Author Archive

Unforeseen Consequences

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If our principles are right, why should we be cowards? Lucretia Mott Ah, but which principles. High minded reformers don’t always see eye to eye. John Adams and Thomas Jefferson may have both… Continue reading

Making War on Cultural Heritage

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  … the enemy makes a wilderness and calls it war. Richard Harding Davis, NY Tribune, witness to the burning of Louvain, 1914 Cultural treasures disappear at a disheartening rate, often due to… Continue reading

Tea, Taxes, and War

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Historians suggest a variety of causes for the Opium Wars. Some declare the cause to be “extraterritoriality,” the refusal of one sovereign nation, in this case, the United Kingdom, to allow their citizens… Continue reading

The Prince of Fraud

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In an era of British imperial expansion, with limited social mobility at home, men with ambition, energy, and imagination looked to the wide world for opportunities to make their fortune. It didn’t seem odd… Continue reading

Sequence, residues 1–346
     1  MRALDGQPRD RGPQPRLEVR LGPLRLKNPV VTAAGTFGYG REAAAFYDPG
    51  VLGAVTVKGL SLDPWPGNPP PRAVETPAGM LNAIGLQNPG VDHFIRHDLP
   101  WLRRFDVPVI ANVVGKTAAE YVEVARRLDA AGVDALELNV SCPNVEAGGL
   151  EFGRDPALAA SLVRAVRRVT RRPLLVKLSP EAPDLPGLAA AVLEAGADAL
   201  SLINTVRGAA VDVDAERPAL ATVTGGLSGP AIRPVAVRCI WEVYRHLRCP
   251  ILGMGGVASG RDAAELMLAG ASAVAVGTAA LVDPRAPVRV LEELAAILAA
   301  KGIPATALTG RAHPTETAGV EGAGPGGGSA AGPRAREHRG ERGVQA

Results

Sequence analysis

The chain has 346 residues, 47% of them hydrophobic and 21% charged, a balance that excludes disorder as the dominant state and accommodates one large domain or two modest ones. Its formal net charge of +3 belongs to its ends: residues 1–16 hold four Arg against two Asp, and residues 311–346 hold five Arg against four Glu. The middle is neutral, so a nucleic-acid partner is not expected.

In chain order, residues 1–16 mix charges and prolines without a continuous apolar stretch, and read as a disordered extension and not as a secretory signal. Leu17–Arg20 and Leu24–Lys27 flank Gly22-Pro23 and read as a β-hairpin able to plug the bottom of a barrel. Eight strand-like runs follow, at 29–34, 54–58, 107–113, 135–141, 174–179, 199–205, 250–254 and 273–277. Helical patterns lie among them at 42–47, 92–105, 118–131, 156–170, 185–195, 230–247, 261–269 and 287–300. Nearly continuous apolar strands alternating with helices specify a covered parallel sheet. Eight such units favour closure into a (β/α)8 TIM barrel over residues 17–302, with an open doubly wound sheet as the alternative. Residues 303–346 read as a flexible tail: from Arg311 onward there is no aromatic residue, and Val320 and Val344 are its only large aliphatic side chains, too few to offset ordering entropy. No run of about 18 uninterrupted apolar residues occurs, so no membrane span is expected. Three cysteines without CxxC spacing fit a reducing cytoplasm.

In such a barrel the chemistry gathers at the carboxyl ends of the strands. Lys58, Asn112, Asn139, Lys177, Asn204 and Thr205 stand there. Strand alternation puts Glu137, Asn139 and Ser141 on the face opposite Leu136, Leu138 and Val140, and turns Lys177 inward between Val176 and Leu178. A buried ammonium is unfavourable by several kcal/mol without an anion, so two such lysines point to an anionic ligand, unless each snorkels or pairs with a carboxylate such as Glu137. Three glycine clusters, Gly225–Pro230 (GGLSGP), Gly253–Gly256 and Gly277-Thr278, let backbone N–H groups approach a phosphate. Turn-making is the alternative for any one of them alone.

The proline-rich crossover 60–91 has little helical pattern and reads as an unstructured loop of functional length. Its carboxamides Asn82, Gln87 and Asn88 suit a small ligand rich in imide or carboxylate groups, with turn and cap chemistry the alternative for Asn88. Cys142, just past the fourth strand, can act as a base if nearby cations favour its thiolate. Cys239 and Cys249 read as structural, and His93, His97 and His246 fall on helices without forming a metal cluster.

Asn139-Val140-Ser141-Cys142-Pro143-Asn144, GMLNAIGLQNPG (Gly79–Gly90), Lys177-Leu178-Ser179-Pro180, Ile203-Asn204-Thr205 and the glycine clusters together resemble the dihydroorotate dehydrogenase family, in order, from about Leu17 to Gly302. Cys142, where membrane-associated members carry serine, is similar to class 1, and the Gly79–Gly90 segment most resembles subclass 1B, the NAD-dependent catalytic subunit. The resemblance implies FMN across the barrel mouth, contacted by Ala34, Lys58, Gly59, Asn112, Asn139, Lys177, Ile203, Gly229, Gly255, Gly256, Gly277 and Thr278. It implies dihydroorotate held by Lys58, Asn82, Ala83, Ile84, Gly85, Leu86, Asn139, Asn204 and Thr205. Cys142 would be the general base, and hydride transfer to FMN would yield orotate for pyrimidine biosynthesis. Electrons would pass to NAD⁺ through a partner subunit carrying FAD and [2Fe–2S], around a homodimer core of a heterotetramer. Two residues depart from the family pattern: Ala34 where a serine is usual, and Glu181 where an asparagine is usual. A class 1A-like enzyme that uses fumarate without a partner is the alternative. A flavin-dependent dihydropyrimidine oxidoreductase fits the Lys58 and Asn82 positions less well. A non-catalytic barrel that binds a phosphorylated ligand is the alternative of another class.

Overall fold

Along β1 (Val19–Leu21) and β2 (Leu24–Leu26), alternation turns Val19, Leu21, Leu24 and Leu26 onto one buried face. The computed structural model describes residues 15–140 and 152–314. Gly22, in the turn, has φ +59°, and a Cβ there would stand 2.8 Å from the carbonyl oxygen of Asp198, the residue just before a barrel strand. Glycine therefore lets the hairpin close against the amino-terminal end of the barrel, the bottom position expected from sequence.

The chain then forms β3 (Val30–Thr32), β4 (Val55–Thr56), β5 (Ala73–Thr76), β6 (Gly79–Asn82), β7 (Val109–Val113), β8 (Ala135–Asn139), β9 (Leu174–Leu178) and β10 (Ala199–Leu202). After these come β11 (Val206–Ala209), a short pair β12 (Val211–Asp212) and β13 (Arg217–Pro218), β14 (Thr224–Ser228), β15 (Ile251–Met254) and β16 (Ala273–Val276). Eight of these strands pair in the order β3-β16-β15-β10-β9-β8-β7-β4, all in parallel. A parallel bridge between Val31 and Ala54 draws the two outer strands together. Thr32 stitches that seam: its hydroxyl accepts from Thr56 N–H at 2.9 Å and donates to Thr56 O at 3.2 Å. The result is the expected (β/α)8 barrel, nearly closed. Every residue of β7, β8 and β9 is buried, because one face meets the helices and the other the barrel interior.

Orkney and the Hudson’s Bay Company

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Folks from the Orkney Islands in Scotland impacted the exploration and settlement of Canada by Europeans heavily, particularly through their close connections to the Hudson’s Bay Company. It isn’t difficult to understand why… Continue reading

Malacca and the World in 1511

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The wide reach of history weighs on me since my visit to Malacca last month when one date in particular sparked my curiosity: 1511. The ruins of a Portuguese fort in that UNESCO World… Continue reading

The Natchez Trace

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Once young men routinely floated their goods—products of the farms and settlements of newly formed states and territories—down the Ohio, Wabash, and Illinois rivers to the Mississippi and on to New Orleans. They… Continue reading

The Artist Who Dressed As She Pleased

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Rosa Bonheur dressed in trousers when women were still trussed in corsets. She required permission from the prefect of police to do so, but she was unapologetic about her choices. She lived her… Continue reading

The Anatomist and the Body Snatchers

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The longer I look at the 1830s, the more I am fascinated by the collision of science, commerce, and social change. There are few colorful characters from that period that exemplify these more… Continue reading

A Few Wise Men

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One question is, how many? Last week Lin Manuel Miranda posted about his son’s celebration of La Víspera de Reyes, the eve of the Three Kings’ Day to social media. He introduced me… Continue reading